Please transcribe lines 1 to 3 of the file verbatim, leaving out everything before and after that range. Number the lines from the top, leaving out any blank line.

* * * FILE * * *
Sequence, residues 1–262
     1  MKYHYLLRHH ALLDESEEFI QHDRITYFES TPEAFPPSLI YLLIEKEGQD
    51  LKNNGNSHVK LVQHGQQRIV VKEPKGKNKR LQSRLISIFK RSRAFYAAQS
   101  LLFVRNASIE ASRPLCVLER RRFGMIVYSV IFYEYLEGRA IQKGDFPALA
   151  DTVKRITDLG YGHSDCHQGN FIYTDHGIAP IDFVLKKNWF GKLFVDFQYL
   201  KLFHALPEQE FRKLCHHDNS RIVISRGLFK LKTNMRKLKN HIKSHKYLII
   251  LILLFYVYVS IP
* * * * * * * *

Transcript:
Sequence, residues 1–262
     1  MKYHYLLRHH ALLDESEEFI QHDRITYFES TPEAFPPSLI YLLIEKEGQD
    51  LKNNGNSHVK LVQHGQQRIV VKEPKGKNKR LQSRLISIFK RSRAFYAAQS